It’s a tricky one, isn’t it? Somehow the system of reviewing books is innately skewed towards men, despite the fact that just as many good books are written by women – and women buy and read more books, as Pechorin described in his excellent article I reblogged yesterday. The notion that because I’m differently shaped with a higher-pitched voice means I shall probably earn less money and recognition as an author than my male counterparts makes me want to bite the carpet and kick something very hard.
And yet… and yet… this is reading – we’re talking about books… Being an avid reader who loves nothing more than to regularly escape between two covers, having someone wag her finger in my face, telling me that my book choices are unfair leaves me squirming with discomfort, tinged with some anger.
Bloody hell! I can’t even pick up a book without looking over my shoulder to see whether it’s the right book written by the right person… Yep. I never said EscapeSarah was nice or fair – she just wants to… escape. So I can entirely sympathise with anyone else – man or woman – who feels the same way.
The catch is, a few years ago I decided to share my passion for books by reviewing them and the issue of gender imbalance in book marketing is something as a reviewer I cannot ignore – even if part of me would like to. Even if part of me cringes at the thought of bringing concerns such as Equality and Diversity into the wonderful worlds I dive into whenever I can. Back in early 2012, when I first came across an article in Strange Horizons about this issue, I had assumed that I read and reviewed far more books written by women than men – and was startled to discover that I had, in fact, written 44 reviews on books by men, compared to 39 reviews on books written by women. It wasn’t a huge imbalance – but the shock for me was that I was under the impression that the bias was in the other direction. Since then, I stack To Be Read books in two piles – one written by men and one written by women – and ensure that my published reviews are at least equal, though there is a slight bias in favour of women authors.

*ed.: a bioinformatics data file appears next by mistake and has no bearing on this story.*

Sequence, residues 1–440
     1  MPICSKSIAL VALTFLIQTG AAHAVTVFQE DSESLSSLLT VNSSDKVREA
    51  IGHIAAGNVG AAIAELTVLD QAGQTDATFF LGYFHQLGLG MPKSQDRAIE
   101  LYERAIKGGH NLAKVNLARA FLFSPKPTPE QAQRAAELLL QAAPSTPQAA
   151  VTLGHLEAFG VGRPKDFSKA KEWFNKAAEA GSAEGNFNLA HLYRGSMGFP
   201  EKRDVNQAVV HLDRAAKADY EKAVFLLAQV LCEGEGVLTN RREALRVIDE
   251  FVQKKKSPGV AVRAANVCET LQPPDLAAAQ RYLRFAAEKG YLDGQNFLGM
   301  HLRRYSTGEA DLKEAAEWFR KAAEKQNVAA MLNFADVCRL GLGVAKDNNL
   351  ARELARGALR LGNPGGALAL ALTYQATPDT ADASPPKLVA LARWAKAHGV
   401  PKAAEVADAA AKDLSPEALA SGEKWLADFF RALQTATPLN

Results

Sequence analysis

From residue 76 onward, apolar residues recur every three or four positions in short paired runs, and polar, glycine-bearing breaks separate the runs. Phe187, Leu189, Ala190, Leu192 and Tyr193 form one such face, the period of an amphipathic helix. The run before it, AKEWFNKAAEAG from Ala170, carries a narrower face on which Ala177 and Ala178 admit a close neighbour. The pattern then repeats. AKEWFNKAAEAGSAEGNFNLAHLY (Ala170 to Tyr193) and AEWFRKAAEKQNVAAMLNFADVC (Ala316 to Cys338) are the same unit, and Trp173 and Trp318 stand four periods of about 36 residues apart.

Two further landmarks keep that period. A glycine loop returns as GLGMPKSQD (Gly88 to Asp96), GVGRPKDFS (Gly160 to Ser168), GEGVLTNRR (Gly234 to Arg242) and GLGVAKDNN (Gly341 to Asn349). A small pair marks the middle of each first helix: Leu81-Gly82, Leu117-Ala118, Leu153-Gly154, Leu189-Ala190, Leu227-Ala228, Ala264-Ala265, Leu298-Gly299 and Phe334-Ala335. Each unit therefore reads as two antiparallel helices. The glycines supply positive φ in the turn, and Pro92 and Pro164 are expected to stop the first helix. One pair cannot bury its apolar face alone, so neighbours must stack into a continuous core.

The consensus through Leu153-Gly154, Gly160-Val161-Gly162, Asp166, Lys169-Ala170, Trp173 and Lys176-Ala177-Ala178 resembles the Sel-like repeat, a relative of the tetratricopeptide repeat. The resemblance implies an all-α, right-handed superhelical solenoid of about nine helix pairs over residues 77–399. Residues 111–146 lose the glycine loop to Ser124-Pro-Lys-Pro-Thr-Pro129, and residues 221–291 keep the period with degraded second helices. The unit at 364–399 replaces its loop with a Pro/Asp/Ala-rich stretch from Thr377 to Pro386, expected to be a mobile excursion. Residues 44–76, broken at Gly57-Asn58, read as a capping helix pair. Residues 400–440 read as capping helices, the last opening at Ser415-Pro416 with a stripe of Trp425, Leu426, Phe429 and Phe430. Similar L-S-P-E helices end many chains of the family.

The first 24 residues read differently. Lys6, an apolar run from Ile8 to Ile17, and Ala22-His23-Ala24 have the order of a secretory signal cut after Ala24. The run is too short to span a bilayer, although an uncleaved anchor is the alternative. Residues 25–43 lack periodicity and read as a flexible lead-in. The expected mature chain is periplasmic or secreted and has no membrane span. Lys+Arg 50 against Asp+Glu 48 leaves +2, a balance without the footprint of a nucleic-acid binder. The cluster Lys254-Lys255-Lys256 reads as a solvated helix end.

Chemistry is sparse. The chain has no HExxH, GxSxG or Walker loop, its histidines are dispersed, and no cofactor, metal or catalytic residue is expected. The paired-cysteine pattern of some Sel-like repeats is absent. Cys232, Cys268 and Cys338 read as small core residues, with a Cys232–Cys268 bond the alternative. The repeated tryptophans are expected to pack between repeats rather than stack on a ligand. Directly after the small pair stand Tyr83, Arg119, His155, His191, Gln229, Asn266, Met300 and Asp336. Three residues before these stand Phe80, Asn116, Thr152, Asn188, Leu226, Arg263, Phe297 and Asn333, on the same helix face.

What about you, the readers? That’s down to you – the one abiding reason why I write reviews, is often I finish a good book feeling excited about it and want to share that excitement with other people who like reading. How you feel about the whole wretched business regarding the lack of reviews for women authors, compared with male authors isn’t my business.
So, whether you regard #readwomen2014 as an opportunity to try an author who sounds as if her books would be one you’d enjoy – or roll your eyes and mutter it’s damn shame they can’t all write like Heinlein, don’t let any of it get between you and your love of books. Because, in the end, that’s what really matters.